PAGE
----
Each of us would certainly agree that mankind is perplexed at the ways of God in this world of chaos and confusion. The actions and dealings of God with the children of men are indeed misunderstood, to say the least. In the Book of Habakkuk God has given us insight into His ways and movements among the children of men.
Habakkuk was a Levite and his name meant The Embraced One. He writes because of his concern for the people and his country. He was a contemporary of Jeremiah and because of the conditions, which existed in his country, like Jeremiah, he was heartbroken and his heart was deeply stirred. Grief grips his soul. He thinks about what might happen in the days to come. Yet, in spite of all of this, he is the prophet of faith and hope.
Just as his name means Embraced, he embraced God in prayer when his soul was perplexed. When he could not understand the ways of God in a world of war and sin. When he sought for the solving of his problems.
This wonderful book teaches us how to live victoriously in a world of sin. The truth at the heart of the book to all believers is, the way from fear is faith. For the spiritually hungry there are deep lessons to be learned.
Paul said in Romans 15:4 For whatever things were written before were written for our learning, that we through the patience and comfort of the Scriptures might have hope.
1 The burden which the prophet Habakkuk saw.
2 O Lord, how long shall I cry, And You will not hear? Even cry out to You, “Violence!” And You will not save.
3 Why do You show me iniquity, And cause me to see trouble? For plundering and violence are before me; There is strife, and contention arises.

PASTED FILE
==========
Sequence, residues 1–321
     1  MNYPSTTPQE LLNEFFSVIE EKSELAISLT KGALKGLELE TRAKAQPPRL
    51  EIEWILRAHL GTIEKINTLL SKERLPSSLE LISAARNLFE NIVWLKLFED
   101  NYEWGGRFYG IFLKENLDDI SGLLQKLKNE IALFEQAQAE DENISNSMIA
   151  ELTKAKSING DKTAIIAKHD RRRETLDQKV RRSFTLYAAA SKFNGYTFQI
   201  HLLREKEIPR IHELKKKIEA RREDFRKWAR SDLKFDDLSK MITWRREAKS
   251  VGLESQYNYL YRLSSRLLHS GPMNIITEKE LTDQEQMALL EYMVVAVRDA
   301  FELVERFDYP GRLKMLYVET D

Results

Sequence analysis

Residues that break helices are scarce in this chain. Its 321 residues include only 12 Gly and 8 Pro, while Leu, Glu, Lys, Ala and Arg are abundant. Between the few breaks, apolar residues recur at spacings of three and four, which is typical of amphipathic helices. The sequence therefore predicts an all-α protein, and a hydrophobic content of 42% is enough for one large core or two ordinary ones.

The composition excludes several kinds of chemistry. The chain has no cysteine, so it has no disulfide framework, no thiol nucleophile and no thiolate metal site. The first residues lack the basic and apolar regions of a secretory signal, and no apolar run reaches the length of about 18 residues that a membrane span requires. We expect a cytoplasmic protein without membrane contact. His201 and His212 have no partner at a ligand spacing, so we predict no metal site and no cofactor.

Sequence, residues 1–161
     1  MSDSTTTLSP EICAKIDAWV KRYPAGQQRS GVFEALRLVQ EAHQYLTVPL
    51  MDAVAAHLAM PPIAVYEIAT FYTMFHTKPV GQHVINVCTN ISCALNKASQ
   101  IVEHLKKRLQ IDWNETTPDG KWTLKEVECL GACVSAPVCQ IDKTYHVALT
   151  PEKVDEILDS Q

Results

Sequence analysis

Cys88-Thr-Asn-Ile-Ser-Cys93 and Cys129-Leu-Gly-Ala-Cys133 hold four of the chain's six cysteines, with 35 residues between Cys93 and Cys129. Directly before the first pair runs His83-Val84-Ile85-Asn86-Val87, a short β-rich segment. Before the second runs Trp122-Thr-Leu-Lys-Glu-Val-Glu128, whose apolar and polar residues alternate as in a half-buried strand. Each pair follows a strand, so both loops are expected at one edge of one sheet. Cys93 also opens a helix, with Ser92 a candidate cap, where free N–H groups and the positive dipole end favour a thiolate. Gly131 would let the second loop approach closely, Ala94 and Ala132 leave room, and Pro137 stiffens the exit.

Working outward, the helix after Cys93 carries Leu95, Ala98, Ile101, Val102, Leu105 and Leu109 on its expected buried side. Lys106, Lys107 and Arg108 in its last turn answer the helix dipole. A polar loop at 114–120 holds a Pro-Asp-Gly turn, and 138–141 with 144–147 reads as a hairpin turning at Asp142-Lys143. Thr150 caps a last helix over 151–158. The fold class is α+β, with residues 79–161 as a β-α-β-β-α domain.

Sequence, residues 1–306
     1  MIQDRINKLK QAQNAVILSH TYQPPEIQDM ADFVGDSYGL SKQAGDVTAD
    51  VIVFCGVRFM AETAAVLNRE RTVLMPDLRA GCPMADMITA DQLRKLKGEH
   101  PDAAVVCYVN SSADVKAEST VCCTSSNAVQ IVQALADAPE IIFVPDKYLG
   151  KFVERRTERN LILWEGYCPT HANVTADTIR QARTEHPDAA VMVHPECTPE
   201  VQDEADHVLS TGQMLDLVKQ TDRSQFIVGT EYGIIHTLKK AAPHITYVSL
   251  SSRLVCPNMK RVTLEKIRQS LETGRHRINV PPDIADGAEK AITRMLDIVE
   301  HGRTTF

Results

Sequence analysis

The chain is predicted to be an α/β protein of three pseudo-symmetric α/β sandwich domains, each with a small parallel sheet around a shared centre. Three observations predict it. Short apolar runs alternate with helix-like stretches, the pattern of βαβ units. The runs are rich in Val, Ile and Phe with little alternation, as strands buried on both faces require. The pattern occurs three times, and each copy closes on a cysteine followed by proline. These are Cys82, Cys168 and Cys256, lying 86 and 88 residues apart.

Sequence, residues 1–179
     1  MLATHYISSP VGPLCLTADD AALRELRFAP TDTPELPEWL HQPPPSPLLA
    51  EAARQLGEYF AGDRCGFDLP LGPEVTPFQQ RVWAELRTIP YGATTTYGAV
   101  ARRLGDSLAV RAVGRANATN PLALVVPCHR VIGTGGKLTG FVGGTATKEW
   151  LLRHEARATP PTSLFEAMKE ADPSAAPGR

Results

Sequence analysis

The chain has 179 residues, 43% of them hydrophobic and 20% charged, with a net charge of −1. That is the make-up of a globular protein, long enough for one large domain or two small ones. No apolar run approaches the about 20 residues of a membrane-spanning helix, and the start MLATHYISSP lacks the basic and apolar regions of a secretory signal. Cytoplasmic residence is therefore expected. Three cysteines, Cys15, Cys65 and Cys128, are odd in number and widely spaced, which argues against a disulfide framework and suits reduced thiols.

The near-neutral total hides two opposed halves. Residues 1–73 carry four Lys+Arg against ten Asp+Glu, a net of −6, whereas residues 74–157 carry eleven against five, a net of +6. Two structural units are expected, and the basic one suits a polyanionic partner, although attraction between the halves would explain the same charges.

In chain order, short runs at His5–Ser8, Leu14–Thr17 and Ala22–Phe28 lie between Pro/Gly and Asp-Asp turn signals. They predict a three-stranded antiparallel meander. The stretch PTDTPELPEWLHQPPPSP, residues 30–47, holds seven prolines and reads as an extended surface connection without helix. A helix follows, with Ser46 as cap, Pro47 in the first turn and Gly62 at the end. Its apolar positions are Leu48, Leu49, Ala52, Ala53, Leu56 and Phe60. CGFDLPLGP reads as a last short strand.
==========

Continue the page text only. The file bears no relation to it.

4 Therefore the law is powerless, And justice never goes forth. For the wicked surround the righteous; Therefore perverse judgment proceeds.
When Heaven is silent first you may be afflicted with heartache. In verses 1-3 we see that there had been a noticeable silence from heaven. Habakkuk cries out to God and he assumes that God “will not hear”
When Habakkuk calls out to God, it is because he is burdened for his people and his land. Very few in the land felt the conditions, which Habakkuk felt. He certainly did not understand why these conditions existed. Habakkuk could not perceive why such a great God could allow these things to happen. The poor mistreated, the people suffering at the hands of a wicked enemy that were invading the land. The soul of Habakkuk was depressed. He had doubts and he was perfectly honest with God. Yet, he did not sense that God was doing anything about it
Habakkuk had 2 questions in mind
1) “Why is God deaf?” and in the first part of the 2nd verse, we see he feels God has not heard.
Then later he asked
2) “Why is God so mute?” in verse 13
In his mind, God was inactive and seemed to be doing nothing and Habakkuk carried this problem with him both day and night. It bore down on his soul without alleviation. We can be like Habakkuk and may be afflicted with heartache.
We may conclude that all hope is lost and in verse 4 Habakkuk concluded that God had withdrawn His hand from the matter and was allowing evil to rule. He says, “the law is powerless”.
They had learned the Law of Deuteronomy 20 years earlier yet now they ignored it. Situational ethics was now the king and the result was-despair, spiritual lethargy, and hopelessness. They were catatonic, and to Habakkuk, this was unbearable. We can conclude that Habakkuk was not pleased with what was happening in the land.